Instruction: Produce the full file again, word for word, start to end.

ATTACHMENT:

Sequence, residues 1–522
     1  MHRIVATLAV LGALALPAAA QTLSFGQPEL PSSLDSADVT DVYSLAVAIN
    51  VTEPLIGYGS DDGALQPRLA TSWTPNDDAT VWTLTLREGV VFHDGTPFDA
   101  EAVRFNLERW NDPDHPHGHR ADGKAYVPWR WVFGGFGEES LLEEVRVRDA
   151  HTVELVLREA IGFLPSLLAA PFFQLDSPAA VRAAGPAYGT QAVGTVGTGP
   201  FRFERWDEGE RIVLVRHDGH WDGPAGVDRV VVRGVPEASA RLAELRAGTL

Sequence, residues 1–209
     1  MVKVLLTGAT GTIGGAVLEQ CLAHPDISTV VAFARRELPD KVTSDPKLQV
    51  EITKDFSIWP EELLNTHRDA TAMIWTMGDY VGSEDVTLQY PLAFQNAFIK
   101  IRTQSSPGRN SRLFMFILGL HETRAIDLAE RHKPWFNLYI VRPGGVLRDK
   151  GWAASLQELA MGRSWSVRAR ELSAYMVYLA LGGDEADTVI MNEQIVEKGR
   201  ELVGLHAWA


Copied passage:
Sequence, residues 1–522
     1  MHRIVATLAV LGALALPAAA QTLSFGQPEL PSSLDSADVT DVYSLAVAIN
    51  VTEPLIGYGS DDGALQPRLA TSWTPNDDAT VWTLTLREGV VFHDGTPFDA
   101  EAVRFNLERW NDPDHPHGHR ADGKAYVPWR WVFGGFGEES LLEEVRVRDA
   151  HTVELVLREA IGFLPSLLAA PFFQLDSPAA VRAAGPAYGT QAVGTVGTGP
   201  FRFERWDEGE RIVLVRHDGH WDGPAGVDRV VVRGVPEASA RLAELRAGTL

Sequence, residues 1–209
     1  MVKVLLTGAT GTIGGAVLEQ CLAHPDISTV VAFARRELPD KVTSDPKLQV
    51  EITKDFSIWP EELLNTHRDA TAMIWTMGDY VGSEDVTLQY PLAFQNAFIK
   101  IRTQSSPGRN SRLFMFILGL HETRAIDLAE RHKPWFNLYI VRPGGVLRDK
   151  GWAASLQELA MGRSWSVRAR ELSAYMVYLA LGGDEADTVI MNEQIVEKGR
   201  ELVGLHAWA